Via Amin: A reflection on my month without Apple, Microsoft, Google, Facebook, and Amazon
The mobile phone part of this is incredibly hard. I didn't know about Sailfish; I thought there literally were no other surviving smartphone OSes other than iOS and Android. The author actually had to give up on installing Sailfish because mobile carriers lock down their phones so hard.
Here's a very short version of my own experience avoiding Apple, Google, Facebook, and Amazon.
Still using an iPhone SE because I thought there was literally nowhere to go besides Google and Apple.
I use my work-issued MacBook Pro at work, and I used my Dell XPS laptop with Ubuntu 18 at home. It definitely does not look as crisp, but it's worth not handing an extra $2K over to these monopolistic tax evaders. What incredibly self-important misers.
I do not think much about Microsoft. Until they bought GitHub, I didn't use any of their products.
Now that they have, I have a lot to think about. My $7/month goes to an organization that sells services to ICE. It seems moral to stop that.
Would it be enough to just stop paying GitHub and be on the free plan? I'm still in effect promoting GitHub, though. Suffice to say, I didn't think this would happen, and I find that buyout highly unpleasant.
Though really, would it be any different if Microsoft hadn't bought GitHub, and ICE had repos on GitHub? I think it is clearly wrong to support businesses that actively support racist organizations (e.g. building things specifically for ICE), but I don't know where to draw the line on generic automated services.
If I were to say that it's OK to just provide the same things to ICE as they would provide to any other group, how is that different from arms manufacturers selling to anyone. Now that I type that out, I see that it is one respect: Arms are most certainly going to be used to kill people. Then again, if you provide pens and paper to ICE, they are most certainly going to use that to do something terrible, given that their entire mission is racist.
Does it matter, then, that they can get pens and paper anywhere? This is a kind of a converse to my decision to not try to work for the Democrats because the kind of help they wanted could have been provided by anyone. Since I wouldn't have been making a difference, I felt I hurt nothing by not volunteering my services. Does it follow then that if the help you offer to a harmful organization is highly fungible that it didn't really matter that you helped at all? I don't know!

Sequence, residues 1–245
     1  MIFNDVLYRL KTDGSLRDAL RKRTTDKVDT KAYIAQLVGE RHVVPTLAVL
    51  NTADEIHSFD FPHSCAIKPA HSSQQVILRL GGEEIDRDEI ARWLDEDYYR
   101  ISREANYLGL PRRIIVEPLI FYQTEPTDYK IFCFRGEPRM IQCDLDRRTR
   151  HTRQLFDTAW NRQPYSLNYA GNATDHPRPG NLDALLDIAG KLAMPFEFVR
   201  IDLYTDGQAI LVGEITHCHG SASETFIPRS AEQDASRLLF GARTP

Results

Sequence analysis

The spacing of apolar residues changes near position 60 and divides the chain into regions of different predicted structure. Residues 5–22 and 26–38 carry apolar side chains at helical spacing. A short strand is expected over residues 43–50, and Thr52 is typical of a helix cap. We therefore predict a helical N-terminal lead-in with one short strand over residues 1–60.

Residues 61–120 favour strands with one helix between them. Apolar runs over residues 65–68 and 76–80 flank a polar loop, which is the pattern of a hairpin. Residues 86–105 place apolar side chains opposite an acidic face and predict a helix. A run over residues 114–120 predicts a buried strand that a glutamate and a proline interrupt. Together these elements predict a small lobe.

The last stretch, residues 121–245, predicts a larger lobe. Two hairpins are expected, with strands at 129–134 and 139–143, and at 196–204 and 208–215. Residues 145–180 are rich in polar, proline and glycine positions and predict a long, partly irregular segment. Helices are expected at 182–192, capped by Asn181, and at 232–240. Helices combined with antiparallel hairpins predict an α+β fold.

OK, that was a lot longer than I thought it would be!
I use Open Street Maps on the desktop. On my phone, I use Apple Maps (which yeah, is one of those companies) because Google Maps always thinks I'm offline for some reason now.
Duck Duck Go is fine for search. Fastmail is great for email. It loads…fast. It does not have a 30-second load time in Firefox like Gmail does.
I do still use Google Spreadsheets, but now that I think about it, there is no reason to do so.
I quit Facebook around five or six years ago. I don't miss it at all.
Recently, though, we have benefited from my wife being on Facebook (a familiar story about a dude quitting Facebook). She is in a local parent group that's had a lot of helpful information. That's just part of being so dominant; a group like that will always appear on the most dominant communication platform. This is a big part of why their terrible ethics have such devastating effect – they can't be avoided.
I do think we could live without that parents group, though.
Conveniently, we were done with diapers when we quit Amazon Prime. So, we've been fine! There's plenty of online and offline place to buy stuff. I actually enjoy going to my local bookstore.
Incidentally, for people thinking of trying out a social media break, the author says this about it:
I still think Apple is a ripoff and Facebook continues to get pwned by lawmakers for its mishandling of user data and disinformation. After I left Facebook, however, I found that I liked being off of social media so much that I also deactivated my only other social media account—Twitter. I have often heard that leaving Twitter when you work in media is a recipe for career suicide. For journalists who depend on it as a tool, this may very well be true. In my case, however, I’ve found that now that I have excised social media from my life I am far less stressed and have a lot more free time. I read more books and devote more time to my actual hobbies rather than scrolling endlessly through timelines.